While at Yahoo, he joined an elite security-focused hacker group called “w00w00,” which included Napster’s Shawn Fanning and dozens of other members. When a Canadian teen launched a massive denial-of-service attack on Yahoo, he called on the crew for advice and help.



Learn more about “w00w00” and Koum’s involvement in this Reuters story.

Koum remained at Yahoo for nine years, rising to become manager of infrastructure engineering. But in 2007, he and Acton both left the company and spent some time traveling through South America and playing ultimate Frisbee.



When they returned, he and Acton applied to Facebook. Ironically, the company rejected them.



During his time off, Koum mulled over what he wanted to do next and came up with an idea for letting people set status updates on their phones. Koum incorporated WhatsApp on his birthday, February 24, in 2009. By that summer, he and Acton decided to morph the product into a messaging app.



And so it began. WhatsApp’s first “office” was a couple of cubicles in the back of a converted warehouse shared by Evernote, where employees had to wrap blankets around themselves for warmth. Influenced by their time at Yahoo, Acton and Koum had a similar product philosophy: Advertising sucks.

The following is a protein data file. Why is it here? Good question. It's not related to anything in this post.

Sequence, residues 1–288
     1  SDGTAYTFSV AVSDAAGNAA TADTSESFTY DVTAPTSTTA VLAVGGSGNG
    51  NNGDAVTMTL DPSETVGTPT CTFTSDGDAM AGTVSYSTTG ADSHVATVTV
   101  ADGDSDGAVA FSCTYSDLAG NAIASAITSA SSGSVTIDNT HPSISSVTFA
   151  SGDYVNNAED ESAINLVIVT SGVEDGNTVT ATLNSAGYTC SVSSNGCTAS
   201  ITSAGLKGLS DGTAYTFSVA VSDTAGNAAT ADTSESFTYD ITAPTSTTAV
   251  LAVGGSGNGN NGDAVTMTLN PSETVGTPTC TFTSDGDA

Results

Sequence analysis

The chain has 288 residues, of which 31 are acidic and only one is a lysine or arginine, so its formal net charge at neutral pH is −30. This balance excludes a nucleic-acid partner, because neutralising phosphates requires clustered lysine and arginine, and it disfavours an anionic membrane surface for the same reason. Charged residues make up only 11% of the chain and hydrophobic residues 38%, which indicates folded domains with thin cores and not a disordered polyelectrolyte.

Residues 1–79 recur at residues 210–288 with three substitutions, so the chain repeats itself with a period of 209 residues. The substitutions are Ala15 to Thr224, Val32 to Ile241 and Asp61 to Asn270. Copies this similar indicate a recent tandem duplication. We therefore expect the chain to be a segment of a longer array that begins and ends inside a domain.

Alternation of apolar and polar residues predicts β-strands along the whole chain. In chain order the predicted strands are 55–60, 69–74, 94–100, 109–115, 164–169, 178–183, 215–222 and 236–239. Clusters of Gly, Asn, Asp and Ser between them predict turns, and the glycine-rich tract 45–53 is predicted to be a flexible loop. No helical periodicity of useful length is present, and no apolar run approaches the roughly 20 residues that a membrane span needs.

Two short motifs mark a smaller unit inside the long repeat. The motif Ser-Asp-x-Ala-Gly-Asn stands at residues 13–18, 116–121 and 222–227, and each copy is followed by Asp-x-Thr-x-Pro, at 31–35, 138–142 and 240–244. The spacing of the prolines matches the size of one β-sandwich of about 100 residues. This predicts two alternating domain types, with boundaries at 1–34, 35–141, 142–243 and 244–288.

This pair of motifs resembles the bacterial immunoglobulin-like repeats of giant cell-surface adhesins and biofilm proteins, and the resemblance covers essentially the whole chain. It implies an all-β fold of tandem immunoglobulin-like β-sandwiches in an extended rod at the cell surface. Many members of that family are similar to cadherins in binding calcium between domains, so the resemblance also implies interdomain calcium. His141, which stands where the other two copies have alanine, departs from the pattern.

The company also cares about user privacy. According to Koum: “We want to know as little about our users as possible. We don’t know your name, your gender… We designed our system to be as anonymous as possible. We’re not advertisement-driven so we don’t need personal databases.”



The company started growing organically, without any marketing or PR.




If you run a startup and your goal is to get on techcrunch, you are doing it wrong.

— jan koum (@jankoum) May 6, 2012

But grow it did. In 2012, WhatsApp first caught the attention of Mark Zuckerberg, who gave Koum a call. The two met for coffee and went on a hike, but no deal came out of it. Yet.



But Koum and Zuck have stayed in touch, going on more hikes and talking shop about connecting the world. Fast-forward two years.



In February 2014, Zuckerberg had Koum over for dinner and put an acquisition offer on the table. Koum thought about it for a couple of days and then came back to Zuck’s house on Valentine’s Day, interrupting his dinner with wife Priscilla. They hashed out terms over chocolate-covered strawberries.



The night before signing the final papers, Koum stayed up late going over everything with the team from Sequoia, which had given WhatsApp its Series A. Driving home at 2:30 a.m., Koum’s tire blew out at 75 mph hour and he almost died.